Looking for words to describe the stitches that follow color and shape and pattern…layers upon layers that started out as a something that was photographed, losing its way within a photoshop process that I cannot exactly describe. When I am doing it, I am just in it.
Several years ago, I happened on a “spirit cloth” blog by Jude Hill, that captured me for a week as I read the full seven years of entries. I read about process and stitching and bit and pieces of personal life and a cat named Soul-O. Now I read her every day. I’ve found myself reminded of a younger me who liked to embroider and sew.
I remembered an older woman (to young me when I knew her) many decades ago named Fern. She was sister to my dear friend, Gene Gray, who taught me photography for a brief two years before his death in 1978. I visited Fern from time to time. She often showed me what she had just made, using only hand-stitching, no machine — pillows, curtains, covers for her car seats, placemats, napkins. Oh, I wish had photographed all those so long ago, to help my memory of them now (that I am approaching quickly the age Fern was then.)
What I remember from my younger self is the longing to slow down and sew like Fern. It took me almost forty years to come back to this slowing down.
I am now sewing again with awkward stitches and no viable business plan for art marketing of embroidered mandalas. It’s taking so much slow time just to do it.
This mandala was accidentally printed too large to go on an apron bib as originally planned. Now it’s hugging a store-bought pillow (haven’t slowed down that much to make the pillow by hand) made by someone in India working for a pittance.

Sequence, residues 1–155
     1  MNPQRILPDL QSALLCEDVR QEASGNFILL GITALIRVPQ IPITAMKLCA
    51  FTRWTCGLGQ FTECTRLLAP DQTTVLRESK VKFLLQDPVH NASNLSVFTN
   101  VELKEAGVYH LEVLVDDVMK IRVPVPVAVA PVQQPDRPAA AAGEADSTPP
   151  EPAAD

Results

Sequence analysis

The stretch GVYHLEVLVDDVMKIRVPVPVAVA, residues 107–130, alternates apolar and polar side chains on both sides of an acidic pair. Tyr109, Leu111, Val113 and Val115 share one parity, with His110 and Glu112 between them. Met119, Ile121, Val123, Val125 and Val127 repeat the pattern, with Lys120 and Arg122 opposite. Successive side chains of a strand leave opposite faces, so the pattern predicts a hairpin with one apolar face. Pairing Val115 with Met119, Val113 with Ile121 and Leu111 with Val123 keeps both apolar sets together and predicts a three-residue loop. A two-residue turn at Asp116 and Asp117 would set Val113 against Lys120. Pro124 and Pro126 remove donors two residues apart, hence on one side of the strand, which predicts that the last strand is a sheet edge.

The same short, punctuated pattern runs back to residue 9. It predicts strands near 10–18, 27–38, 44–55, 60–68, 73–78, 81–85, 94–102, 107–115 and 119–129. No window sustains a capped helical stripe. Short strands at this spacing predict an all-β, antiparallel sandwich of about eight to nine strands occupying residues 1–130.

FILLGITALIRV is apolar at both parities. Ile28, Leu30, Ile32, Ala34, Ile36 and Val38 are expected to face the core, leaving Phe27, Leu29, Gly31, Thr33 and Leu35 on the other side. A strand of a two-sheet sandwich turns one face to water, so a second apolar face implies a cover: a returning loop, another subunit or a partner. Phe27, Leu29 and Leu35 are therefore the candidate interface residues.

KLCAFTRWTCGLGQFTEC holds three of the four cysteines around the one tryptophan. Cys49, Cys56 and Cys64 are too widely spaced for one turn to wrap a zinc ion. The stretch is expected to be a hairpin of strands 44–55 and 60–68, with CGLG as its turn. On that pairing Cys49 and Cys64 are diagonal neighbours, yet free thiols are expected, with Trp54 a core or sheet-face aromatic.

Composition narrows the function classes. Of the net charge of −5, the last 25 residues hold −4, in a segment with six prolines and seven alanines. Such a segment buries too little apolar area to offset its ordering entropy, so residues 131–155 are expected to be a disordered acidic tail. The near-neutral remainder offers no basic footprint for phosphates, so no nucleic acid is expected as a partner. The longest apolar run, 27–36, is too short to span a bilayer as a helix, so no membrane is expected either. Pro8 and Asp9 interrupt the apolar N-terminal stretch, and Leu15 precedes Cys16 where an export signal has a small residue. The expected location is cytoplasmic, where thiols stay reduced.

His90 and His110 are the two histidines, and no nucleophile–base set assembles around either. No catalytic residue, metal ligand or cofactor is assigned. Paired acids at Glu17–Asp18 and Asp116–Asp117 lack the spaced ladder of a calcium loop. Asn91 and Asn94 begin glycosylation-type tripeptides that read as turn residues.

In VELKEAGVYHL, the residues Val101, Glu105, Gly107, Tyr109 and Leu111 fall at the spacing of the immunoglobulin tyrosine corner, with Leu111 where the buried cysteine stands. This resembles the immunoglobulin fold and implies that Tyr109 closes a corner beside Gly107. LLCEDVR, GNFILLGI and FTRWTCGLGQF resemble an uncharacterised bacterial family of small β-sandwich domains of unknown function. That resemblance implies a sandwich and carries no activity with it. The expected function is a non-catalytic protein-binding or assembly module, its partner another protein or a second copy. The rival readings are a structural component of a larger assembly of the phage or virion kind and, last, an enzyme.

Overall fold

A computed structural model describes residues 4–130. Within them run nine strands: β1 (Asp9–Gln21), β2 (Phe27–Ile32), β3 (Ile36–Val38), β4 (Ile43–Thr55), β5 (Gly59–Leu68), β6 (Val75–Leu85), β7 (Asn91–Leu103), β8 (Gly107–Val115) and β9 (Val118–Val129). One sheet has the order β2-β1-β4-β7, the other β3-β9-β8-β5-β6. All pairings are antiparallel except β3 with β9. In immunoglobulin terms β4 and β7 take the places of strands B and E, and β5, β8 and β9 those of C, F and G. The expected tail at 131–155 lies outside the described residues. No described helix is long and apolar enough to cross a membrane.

The mandala puckered with the stitching on to a thin layer of cotton batting. The “feel” of it becomes my favorite layer, a digital mandala for touching.
• the finished mandala attached to the pillow center…
with large boro-stitching beginning from the pillow seams
• the puckering reminds me of trapunto…stitching from the center out, with a ring of french knots like persons sitting in lotus poses with wavy purple stitches cross-legged
• following the pattern of the original cracking of paint on an old propane tank using pale green thread…many, many years ago I visited the huge studio and artists’ gallery space of Chris Sorenson in Fresno. He had piles of old propane tanks outside the front entrance. I took many photos of peeling paint on the tanks. These photos seem to find their way into a layers in almost all of my mandalas. As I stitched the lines of the paint, I remembered those tanks, now long gone as art works in their own right.
• the hem of the mandala looks like a bleeding of the boro stiches, reminding me of turtles reaching the shoreline
Mandala: “Hello” digital collage © Elsah Cort